Place the tip horizontal to the foil,
squeeze as you wiggle the tip back
and forth and pull.  You make a
pattern like this.  I call it a squiggle.
With the round tip on the end of
the bag, place the tip
horizontal, squeeze and pull.
You will make a log.
Place the tip straight up and down,
squeeze and slowly
pull up, you make a snow ball.
I'm gonna make the whole
gingerbread house with stars,
 squiggles, logs and snowballs.  None
of them will be perfect. 
Kids can do this! 
 My nonpareils are ready.

I have green frosting and a star tip.
I placed the tip at the bottom of the cone.
Placing my free hand on the top of the
cone to hold it in place.
I made a big star.
I made stars all around the bottom.
Sprinkled with nonpareils.
I continued to make rows 
with sprinkles
till I got to the top.
I made a big star on top.
It's okay if you can see the
sugar cone between the stars,
that's called a tree trunk!
Little girls make very unique
trees, remember no 2 trees
in nature look alike. 
I need to reload.
Done with trees, I set them aside to dry.
I frosted the top of my base.  No need
to cover where the big house goes.
I smoothed the frosting in the marked
places so that my trees and out
building would sit flat.
I put a few splotches of frosting
in the empty space and
put the floor of the house down.
I need more frosting.
Time to decorate the walls and roofs.
I spread frosting on the little roof.
I made rows with the chocolate
nonpareils and poked them down
into the frosting.
 Ditto for the big roof pieces.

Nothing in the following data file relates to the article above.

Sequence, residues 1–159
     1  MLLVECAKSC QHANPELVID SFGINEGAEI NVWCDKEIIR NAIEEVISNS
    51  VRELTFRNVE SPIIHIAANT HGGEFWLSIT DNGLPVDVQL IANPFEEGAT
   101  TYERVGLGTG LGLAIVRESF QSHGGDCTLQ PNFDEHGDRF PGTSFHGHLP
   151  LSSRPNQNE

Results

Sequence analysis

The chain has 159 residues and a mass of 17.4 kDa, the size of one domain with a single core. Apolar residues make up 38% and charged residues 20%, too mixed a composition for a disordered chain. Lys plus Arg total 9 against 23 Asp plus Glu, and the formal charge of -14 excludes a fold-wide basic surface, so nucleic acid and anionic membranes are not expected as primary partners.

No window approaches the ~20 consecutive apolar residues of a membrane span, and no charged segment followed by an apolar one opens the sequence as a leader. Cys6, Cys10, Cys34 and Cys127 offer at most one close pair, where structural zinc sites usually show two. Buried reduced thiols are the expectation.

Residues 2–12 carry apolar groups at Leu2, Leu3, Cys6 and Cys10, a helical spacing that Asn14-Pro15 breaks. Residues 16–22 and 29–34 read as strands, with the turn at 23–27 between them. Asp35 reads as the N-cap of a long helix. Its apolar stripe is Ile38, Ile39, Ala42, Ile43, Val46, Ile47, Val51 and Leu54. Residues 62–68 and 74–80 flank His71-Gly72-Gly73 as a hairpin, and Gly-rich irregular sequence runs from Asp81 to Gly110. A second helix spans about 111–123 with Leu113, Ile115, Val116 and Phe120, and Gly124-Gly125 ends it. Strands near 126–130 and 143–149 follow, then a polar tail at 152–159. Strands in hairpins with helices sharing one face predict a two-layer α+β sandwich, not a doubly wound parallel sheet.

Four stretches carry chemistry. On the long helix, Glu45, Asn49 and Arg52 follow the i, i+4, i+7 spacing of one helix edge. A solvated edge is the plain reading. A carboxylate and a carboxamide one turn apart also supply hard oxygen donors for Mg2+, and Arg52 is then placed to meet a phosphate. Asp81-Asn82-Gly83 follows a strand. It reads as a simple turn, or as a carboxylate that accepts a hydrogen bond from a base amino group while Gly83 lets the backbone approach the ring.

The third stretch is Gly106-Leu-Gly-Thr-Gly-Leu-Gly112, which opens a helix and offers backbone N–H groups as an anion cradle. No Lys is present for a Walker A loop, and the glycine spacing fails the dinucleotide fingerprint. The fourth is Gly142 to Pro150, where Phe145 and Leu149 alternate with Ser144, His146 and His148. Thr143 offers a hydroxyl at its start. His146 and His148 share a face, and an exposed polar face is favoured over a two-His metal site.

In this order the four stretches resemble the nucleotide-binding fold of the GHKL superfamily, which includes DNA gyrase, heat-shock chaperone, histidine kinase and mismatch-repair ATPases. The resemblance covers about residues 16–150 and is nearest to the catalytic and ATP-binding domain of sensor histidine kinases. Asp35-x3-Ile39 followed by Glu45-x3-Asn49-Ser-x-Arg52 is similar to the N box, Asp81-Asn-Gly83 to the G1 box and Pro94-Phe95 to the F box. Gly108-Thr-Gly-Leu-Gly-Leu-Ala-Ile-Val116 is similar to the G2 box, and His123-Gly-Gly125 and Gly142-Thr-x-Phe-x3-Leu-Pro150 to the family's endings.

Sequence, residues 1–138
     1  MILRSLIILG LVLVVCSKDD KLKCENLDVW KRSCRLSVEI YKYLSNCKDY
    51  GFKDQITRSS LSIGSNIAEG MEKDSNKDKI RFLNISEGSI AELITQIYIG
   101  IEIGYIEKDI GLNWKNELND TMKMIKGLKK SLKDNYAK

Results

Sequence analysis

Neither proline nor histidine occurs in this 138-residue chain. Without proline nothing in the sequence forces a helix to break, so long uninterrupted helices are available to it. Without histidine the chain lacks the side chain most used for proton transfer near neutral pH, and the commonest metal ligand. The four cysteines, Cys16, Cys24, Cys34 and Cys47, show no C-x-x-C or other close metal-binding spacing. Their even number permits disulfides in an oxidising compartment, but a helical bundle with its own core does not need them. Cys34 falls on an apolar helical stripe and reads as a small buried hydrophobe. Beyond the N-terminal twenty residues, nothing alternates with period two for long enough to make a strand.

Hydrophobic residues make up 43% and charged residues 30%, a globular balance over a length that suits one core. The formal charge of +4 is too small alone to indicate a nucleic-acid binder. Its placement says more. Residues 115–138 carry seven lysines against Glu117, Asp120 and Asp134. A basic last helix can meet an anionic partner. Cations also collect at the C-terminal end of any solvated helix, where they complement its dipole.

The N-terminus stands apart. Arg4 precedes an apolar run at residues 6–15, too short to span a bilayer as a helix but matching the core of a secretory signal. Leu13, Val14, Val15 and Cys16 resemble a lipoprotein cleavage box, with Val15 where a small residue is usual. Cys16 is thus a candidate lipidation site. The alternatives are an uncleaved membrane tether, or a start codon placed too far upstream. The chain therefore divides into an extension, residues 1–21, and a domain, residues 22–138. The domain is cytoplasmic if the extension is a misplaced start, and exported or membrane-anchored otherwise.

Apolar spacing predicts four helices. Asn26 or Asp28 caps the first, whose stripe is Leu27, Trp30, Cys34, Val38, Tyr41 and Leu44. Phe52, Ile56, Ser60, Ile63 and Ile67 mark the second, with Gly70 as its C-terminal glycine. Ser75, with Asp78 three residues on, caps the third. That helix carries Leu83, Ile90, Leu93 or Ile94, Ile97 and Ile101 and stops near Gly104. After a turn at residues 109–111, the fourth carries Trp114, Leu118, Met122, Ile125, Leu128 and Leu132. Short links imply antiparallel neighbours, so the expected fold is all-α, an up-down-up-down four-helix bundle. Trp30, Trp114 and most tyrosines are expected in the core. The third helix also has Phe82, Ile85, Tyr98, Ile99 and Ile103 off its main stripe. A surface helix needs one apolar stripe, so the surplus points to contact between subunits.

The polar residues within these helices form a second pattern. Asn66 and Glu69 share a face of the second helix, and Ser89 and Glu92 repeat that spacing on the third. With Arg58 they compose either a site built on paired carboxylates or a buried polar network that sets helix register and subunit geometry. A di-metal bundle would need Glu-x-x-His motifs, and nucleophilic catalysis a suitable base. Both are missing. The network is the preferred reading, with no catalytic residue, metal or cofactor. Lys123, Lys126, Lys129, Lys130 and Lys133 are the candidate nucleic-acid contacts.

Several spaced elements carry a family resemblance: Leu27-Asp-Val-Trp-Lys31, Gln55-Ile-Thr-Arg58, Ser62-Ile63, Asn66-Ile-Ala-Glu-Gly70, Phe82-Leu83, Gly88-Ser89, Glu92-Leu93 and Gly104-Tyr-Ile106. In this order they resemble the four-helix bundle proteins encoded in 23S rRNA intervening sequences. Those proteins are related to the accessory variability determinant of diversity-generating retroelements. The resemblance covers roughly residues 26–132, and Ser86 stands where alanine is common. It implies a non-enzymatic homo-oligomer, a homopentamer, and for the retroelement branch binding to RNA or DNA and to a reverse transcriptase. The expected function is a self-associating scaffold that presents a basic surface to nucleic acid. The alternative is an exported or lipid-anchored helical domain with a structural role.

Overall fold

I have all the side pieces ready.
I am going to keep it simple.
I love the gorgeous brown color
of this gingerbread and I want to
see it.  If you give a side to 4
children with 4 different colors
of sugar sprinkles and nonpareils,
you will have a special house indeed.  
I stuck the little wreaths down
with a small blop of frosting.
I decorated around all the windows
with small snowballs and
sprinkled with nonpareils.
Crooked is just fine when it's
covered with sprinkles.
I made scalloped logs for the
 upper sections.  They are
crooked too.
(Is that cringing I hear?)
It was not unusual at my house
 to find sprinkles and nonpareils
well into February!
Cover your frosting with
plastic wrap, put on the lid
and refrigerate until needed.
I am ready to stop for today.
I have every thing spread out
to dry.
My inspiration.
Till next time.


  1. Fantastic work! Your inspirational piece is beautiful too.

  2. How I am loving your lessons on making a gingerbread house! Having never made one, I really had no idea how to begin. When I watch The White House Christmas this year, I will have a new respect for the workers who made The Gingerbread White House.

  3. What fun! Thank you so much for the tutorial on ginger bread houses.

  4. fabulous trees! so fun watch the progress...

  5. This is just so amazing. So much time and love put into it. I think I might be tempted to eat some of the trees and house before construction, it looks so good.